The less-intense ferritin staining of the colon villi of the animals in the DSS group as compared to those of the control group suggests that substantial amounts of ferritin were lost into the intestinal lumen as a consequence of the damage to the colon mucosa, and/or that iron was exported into the blood and not stored in the enterocytes due to the severe IDA (Figure 2). In contrast, previous studies in similar models showed colon iron deposits by Prussian blue stainings in the colitis groups but not in control animals.54,56 Yet, the different methodologies to assess tissue iron levels and the severity of the disease in our study may well explain these discrepancies. The villus tips of the iron-receiving groups, however, showed a ferritin staining similar to that of the control group. It is likely that the relatively high iron dose (5 mg iron/kg of body weight) allowed for iron absorption and storage within the enterocytes at the villus tips in spite of the damaged colon mucosa.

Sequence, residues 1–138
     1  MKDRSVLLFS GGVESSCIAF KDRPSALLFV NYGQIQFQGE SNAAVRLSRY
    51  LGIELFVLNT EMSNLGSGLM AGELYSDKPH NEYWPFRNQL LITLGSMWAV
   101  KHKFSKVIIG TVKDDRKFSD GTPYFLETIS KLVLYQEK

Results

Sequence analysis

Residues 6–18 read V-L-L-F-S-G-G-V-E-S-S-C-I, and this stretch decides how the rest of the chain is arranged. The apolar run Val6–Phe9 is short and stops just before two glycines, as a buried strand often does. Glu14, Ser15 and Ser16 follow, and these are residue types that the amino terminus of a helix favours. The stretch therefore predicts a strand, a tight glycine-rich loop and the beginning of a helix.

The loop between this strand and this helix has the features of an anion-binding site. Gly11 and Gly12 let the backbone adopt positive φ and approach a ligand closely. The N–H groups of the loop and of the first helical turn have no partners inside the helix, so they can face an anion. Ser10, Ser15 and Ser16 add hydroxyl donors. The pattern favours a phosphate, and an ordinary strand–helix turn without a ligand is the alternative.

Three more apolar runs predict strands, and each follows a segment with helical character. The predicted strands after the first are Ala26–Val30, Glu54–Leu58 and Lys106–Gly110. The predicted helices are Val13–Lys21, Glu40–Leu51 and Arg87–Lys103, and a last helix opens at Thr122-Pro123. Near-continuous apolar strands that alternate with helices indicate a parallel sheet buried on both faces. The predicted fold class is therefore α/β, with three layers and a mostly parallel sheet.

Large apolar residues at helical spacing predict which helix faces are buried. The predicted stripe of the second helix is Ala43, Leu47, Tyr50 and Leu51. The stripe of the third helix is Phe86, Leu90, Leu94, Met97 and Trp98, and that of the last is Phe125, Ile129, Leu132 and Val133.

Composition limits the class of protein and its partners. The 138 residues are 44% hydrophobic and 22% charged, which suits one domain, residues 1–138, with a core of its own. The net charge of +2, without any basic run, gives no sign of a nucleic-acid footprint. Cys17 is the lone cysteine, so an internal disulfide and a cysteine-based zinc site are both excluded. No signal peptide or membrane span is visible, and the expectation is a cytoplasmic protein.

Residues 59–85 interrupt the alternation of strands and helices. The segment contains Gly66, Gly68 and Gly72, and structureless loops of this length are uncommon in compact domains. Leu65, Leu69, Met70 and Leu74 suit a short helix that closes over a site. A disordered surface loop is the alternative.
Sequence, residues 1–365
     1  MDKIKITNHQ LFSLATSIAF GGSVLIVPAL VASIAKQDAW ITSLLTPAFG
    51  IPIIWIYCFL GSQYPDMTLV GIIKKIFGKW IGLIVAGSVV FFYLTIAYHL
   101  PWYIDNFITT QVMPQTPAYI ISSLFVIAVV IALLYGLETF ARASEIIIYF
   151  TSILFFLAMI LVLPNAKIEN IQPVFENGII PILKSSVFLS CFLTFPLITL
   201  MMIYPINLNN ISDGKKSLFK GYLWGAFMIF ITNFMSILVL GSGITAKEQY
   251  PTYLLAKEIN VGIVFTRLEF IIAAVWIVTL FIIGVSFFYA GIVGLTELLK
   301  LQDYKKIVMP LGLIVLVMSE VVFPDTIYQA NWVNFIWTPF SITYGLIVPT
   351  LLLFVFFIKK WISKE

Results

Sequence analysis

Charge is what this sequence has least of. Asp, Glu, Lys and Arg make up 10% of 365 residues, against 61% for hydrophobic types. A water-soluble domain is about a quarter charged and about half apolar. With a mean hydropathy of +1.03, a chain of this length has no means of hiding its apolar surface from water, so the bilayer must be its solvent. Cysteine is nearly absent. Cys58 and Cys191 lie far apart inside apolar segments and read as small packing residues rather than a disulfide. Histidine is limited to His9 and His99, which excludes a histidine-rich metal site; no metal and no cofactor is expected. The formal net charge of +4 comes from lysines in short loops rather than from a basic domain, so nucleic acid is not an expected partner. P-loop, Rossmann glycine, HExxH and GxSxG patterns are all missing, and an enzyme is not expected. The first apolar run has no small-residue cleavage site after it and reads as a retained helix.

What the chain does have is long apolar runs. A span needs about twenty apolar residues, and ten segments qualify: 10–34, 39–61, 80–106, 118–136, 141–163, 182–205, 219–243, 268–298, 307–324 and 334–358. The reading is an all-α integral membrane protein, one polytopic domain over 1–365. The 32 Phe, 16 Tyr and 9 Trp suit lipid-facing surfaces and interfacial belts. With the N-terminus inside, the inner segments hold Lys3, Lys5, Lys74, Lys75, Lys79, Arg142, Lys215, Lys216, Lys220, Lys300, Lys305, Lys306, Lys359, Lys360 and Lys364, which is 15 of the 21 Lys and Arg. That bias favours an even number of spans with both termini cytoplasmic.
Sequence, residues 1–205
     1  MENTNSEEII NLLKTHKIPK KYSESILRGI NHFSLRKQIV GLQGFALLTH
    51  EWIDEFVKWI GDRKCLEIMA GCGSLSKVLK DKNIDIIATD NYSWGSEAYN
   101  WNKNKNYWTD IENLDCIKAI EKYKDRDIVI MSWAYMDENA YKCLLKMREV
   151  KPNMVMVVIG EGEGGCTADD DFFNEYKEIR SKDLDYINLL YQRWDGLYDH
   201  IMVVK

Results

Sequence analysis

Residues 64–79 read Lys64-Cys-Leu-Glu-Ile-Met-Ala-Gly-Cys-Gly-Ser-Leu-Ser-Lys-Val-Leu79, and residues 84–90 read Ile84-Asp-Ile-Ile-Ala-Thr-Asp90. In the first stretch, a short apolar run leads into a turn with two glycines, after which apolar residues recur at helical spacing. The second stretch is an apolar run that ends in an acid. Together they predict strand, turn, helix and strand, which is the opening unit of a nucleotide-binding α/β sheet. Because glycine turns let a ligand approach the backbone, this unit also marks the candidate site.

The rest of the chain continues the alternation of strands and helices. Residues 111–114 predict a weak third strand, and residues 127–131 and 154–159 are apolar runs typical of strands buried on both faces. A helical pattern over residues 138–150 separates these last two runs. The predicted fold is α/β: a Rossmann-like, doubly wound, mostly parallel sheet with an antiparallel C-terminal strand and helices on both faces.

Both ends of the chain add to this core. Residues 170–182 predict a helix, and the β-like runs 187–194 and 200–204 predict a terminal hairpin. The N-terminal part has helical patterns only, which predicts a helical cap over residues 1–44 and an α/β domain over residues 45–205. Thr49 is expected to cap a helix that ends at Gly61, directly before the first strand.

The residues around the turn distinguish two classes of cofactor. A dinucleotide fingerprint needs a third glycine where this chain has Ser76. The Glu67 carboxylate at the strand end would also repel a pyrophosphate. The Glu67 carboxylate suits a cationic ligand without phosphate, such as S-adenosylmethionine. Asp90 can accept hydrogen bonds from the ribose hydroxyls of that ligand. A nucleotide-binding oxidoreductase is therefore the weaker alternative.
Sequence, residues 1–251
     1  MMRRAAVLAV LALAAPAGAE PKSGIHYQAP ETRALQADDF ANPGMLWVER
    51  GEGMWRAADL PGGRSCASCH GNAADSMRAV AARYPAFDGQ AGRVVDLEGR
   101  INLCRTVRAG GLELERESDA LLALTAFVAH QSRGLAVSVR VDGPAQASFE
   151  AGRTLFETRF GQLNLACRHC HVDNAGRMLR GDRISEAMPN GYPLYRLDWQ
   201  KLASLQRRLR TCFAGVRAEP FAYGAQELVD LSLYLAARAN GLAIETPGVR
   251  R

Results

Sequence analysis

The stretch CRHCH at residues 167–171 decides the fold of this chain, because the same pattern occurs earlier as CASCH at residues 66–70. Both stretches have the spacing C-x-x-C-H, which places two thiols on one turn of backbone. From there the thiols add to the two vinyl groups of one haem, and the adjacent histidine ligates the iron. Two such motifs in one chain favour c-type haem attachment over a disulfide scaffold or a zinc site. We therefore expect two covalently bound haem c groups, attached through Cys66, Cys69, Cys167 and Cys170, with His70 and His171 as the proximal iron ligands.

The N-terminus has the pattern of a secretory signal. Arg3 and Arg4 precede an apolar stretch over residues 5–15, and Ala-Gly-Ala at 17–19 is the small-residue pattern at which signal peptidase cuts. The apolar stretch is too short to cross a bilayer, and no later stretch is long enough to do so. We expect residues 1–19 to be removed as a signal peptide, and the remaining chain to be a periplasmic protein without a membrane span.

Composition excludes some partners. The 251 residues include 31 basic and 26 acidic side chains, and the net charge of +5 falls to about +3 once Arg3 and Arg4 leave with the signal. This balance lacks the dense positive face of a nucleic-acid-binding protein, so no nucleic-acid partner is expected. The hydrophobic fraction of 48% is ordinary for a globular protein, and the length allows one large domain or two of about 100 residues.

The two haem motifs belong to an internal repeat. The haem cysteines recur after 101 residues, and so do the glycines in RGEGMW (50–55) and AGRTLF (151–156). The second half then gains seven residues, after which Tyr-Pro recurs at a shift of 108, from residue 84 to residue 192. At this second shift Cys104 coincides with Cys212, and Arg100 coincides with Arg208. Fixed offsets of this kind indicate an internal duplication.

In the liver, a strong inflammatory response was also observed. After DSS treatment, the levels of the markers TNF-α and IL-6 as well as hepcidin were strongly enhanced, and a further exacerbation was induced by FS but not by IPC treatment (Figure 4). Some degree of hepatic damage in all the DSS-receiving groups was indicated by the elevated liver enzymes, ALT, AST, and ALP (Table 1). We consider that the most likely reason for the increase in liver enzymes observed with IPC and FS treatment was due to the inflammatory status present in the underlying DSS-induced animal colitis model; the small increase in liver enzymes induced by IPC and FS was not significantly different from that induced by DSS only. Consequently, from the liver enzyme results in the treated groups, it is not possible to conclude that iron treatment by itself exacerbates liver injury. The increased liver ferritin and Prussian blue stainings are characteristic of iron sequestration under inflammatory conditions, which leads to increased iron storage in the liver. In the DSS group, the ferritin and Prussian blue liver stainings were normal despite the inflammation, an observation that can probably be explained by the relatively severe IDA in this group.